Scientists have found that people with conservative views have brains with larger amygdalas, almond shaped areas in the centre of the brain often associated with anxiety and emotions.
On the otherhand, they have a smaller anterior cingulate, an area at the front of the brain associated with courage and looking on the bright side of life. [...]
The results, which will be published next year, back up a (different) study that showed that some people were born with a “Liberal Gene” that makes people more likely to seek out less conventional political views.
The gene, a neurotransmitter in the brain called DRD4, could even be stimulated by the novelty value of radical opinions, claimed the researchers at the University of California. (via.)
The posterior cingulate cortex (PCC) is activated when normal subjects see faces or hear voices of emotionally significant people in their lives; however, in autism the level of activation is impaired. [...]
The use of selective serotonin reuptake inhibitor (SSRI) medication has been shown to be successful in the treatment of autistic behaviors in some individuals. Serotonin (5-HT) has a role in neuronal development and has been extensively studied in autism with reports of excess 5-HT in the blood (hyperserotonemia) in some people with autism. [...]
The results show that there was a significant decrease in the density of one key type of serotonin receptor, the 5HT2A receptor, in the superficial cortical layers of the PCC in the adult autistic group when compared to age-matched controls. Similar results were found recently in the anterior cingulate cortex, an area involved in social-emotional processing. Evaluated together, these findings suggest that the 5-HT2a serotonin receptor decrease occurs in widespread cortical areas and may play a central role in some of the social deficits observed in autism. (via.)
Just some loosely connected neuro-things I wanted to save somewhere.
- Notably without citation, Wikipedia claims BDNF is also expressed in the retina, the central nervous system, motor neurons, the kidneys, and the prostate (aside from just the hippocampus and cerebral cortex). (via.)
- BDNF knockingout in mice affects coordination, balance, hearing, taste, and breathing. “Knockout mice also exhibit cerebellar abnormalities and an increase in the number of sympathetic neurons.” (via.)
- BDNF is increased by prolonged seizures, and important to GABA pathways. (via.)
- Hypergraphia, a condition which afflicts individuals with a compulsive desire to write, is associated with temporal lobe epilepsy… and quite a few interesting characters have had it. (via.)
- Hyperlexia, the extreme variety of a compulsion to read, may be caused by a “cerebral infarction in the left anterior cingulate cortex and corpus callosum.” (via.)
- Temporal lobe epileptics are often hyposexual. (via.)
Bilateral cingulotomy is a form of psychosurgery, introduced in 1952 as an alternative to lobotomy. Today, it is mainly used as a last resort for the treatment of obsessive-compulsive disorder and chronic pain. The objective of this surgical procedure is the severing of the supracallosal fibres of the cingulum bundle, which pass through the anterior cingulate gyrus. (via.)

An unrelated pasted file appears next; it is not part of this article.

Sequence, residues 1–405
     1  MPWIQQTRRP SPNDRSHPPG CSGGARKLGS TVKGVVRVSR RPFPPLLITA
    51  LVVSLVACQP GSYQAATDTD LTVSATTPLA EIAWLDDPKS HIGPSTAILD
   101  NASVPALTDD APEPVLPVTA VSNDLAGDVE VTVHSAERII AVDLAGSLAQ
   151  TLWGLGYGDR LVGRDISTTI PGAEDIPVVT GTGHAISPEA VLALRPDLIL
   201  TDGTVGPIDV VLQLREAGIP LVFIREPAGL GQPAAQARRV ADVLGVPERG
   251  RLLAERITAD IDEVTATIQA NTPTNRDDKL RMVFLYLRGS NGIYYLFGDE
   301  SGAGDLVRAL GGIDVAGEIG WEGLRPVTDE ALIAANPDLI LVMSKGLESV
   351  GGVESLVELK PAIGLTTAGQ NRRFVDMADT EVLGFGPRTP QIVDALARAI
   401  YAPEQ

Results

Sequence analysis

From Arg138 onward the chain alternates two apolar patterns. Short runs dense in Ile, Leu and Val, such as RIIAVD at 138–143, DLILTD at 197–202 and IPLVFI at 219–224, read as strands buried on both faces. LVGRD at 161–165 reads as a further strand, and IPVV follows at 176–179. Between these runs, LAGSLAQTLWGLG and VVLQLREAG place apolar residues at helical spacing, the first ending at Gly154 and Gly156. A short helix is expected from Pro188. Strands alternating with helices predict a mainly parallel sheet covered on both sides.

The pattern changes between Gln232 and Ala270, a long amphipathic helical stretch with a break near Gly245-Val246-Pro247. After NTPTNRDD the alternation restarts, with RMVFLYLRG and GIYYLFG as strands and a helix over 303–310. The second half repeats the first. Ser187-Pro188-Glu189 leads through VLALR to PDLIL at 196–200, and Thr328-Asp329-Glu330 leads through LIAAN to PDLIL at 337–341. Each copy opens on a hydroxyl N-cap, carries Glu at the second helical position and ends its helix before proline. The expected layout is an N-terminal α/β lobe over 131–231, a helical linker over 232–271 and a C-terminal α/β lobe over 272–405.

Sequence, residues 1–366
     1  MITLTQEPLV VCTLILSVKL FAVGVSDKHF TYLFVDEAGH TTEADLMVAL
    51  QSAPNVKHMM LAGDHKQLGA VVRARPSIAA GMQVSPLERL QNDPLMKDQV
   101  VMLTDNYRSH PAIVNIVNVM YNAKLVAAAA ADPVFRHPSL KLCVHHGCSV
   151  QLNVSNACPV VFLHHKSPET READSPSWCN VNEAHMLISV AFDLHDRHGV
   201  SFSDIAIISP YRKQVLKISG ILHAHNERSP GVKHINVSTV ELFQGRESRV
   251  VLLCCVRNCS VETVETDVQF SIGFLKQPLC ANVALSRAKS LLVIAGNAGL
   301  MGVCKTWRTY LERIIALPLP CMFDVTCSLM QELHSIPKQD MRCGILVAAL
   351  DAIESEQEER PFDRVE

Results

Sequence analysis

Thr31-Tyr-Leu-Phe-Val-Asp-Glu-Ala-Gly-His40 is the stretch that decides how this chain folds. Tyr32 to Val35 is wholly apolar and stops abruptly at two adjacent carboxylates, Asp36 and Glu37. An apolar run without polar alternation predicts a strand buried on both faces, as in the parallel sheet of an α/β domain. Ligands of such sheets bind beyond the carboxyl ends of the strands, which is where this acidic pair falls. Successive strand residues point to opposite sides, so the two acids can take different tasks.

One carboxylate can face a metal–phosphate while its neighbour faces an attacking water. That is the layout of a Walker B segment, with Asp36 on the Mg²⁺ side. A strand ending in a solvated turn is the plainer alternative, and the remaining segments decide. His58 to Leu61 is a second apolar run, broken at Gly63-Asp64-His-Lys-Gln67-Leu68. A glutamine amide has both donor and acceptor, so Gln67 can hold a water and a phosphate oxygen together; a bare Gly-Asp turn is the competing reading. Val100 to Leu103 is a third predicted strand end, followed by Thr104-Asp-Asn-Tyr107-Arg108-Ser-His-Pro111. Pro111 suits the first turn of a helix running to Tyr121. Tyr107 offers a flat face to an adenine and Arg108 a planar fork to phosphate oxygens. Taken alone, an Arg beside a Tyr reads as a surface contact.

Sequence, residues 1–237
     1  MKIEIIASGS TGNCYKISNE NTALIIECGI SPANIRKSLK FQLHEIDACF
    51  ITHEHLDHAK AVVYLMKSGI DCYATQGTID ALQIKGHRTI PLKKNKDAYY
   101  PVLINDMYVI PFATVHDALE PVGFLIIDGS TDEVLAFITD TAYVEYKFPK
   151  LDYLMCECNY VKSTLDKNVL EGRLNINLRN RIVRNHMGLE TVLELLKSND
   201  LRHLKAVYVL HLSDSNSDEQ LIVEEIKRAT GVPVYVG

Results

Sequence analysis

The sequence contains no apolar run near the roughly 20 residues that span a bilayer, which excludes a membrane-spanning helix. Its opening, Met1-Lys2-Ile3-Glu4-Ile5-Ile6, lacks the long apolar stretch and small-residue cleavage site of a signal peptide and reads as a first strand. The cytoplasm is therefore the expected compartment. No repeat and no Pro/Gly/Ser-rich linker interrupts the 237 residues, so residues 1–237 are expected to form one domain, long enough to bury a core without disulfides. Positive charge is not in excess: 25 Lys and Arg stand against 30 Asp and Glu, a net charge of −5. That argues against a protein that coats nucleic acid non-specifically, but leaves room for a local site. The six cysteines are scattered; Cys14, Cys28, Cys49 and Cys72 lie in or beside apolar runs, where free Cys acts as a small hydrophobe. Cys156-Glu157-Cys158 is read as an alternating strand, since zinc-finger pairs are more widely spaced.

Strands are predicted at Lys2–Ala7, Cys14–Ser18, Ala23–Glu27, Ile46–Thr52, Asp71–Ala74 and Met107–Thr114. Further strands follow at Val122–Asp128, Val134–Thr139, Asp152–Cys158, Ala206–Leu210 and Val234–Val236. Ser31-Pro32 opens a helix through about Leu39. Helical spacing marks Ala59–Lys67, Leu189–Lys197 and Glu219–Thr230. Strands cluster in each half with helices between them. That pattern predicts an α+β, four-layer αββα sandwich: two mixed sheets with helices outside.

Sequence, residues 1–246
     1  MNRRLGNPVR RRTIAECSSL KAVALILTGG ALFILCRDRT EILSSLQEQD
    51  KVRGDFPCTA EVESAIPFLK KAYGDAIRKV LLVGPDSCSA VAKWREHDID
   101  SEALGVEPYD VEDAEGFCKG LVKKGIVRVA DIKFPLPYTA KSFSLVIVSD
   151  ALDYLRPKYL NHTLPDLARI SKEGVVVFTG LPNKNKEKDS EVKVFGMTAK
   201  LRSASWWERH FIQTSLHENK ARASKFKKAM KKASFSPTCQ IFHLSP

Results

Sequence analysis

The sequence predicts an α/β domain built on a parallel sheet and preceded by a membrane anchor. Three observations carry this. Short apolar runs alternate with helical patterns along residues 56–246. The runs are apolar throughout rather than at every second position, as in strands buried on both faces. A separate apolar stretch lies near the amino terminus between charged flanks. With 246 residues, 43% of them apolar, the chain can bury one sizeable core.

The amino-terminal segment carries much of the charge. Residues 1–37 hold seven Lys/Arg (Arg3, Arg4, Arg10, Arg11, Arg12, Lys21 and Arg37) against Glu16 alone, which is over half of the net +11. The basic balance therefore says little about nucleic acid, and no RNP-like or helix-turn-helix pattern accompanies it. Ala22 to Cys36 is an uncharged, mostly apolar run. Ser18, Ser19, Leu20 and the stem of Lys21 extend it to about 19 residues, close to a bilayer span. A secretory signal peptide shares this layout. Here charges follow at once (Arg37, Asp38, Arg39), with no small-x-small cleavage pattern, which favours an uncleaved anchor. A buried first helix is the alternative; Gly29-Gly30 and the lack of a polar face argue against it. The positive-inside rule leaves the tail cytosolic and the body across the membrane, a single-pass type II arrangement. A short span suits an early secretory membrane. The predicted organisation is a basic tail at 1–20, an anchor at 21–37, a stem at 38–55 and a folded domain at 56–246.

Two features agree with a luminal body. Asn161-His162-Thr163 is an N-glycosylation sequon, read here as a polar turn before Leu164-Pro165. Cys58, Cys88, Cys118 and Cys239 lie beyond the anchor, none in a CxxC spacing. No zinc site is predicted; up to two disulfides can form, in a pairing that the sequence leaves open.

First of all… I simply wasn’t aware that this form of surgery existed. Second of all… This page (the bilateral cingulotomy one) is actually, in some ways, more informative on the topic of the anterior cingulate cortex than the actual Wikipedia page on the anterior cingulate cortex.
Oh one other note… I realized while doing searches on this bilateral cingulotomy is often misspelled as bilateral cingulatomy. I’m actually not entirely sure which is the correct spelling, but I think it’s cingulotomy.
As I have mentioned in at least one previous post, choline may have some anxiolytic effects. The reason being for this is that choline, in at least one study was shown to have an inverse relationship with reported anxiety levels in a study’s participants.
Additionally I recently made a post about a study that showed a reduction in choline in the anterior cingulate cortices of people who have been smoking.
“The ACC is involved in mediating conditioned reinforcement, craving and relapsing behavior in addiction,” said study co-author Christian G. Schütz, M.D., M.P.H., from the Department of Psychiatry at the University of Bonn.
So this begs the question… could supplementing choline play at least a small part in a larger scheme to help smokers prevent relapse when they decide to quit?
Using magnetic resonance imaging (MRI) to assess brain function, Coghill and colleagues found that study participants who said that a heat stimulus was intensely painful had pronounced activation of brain regions that are important in pain. In contrast, people who said that the same stimulus was only mildly painful had minimal activation of these same areas.
“One of the most difficult aspects of treating pain has been having confidence in the accuracy of patients’ self-reports of pain,” said Coghill, an assistant professor of neurobiology and anatomy. “These findings confirm that self-reports of pain intensity are highly correlated to brain activation and that self-reports should guide treatment of pain.”
For the research, 17 normal, healthy volunteers (eight women and nine men) had a computer-controlled heat stimulator placed on their leg. While their brains were scanned, this device heated a small patch of their skin to 120° Fahrenheit, a temperature that most people find painful. However, participants reported very different experiences of pain. Using a 10-point scale, the least sensitive person rated the pain around a “one,” while the most sensitive person rated the pain as almost a “nine.”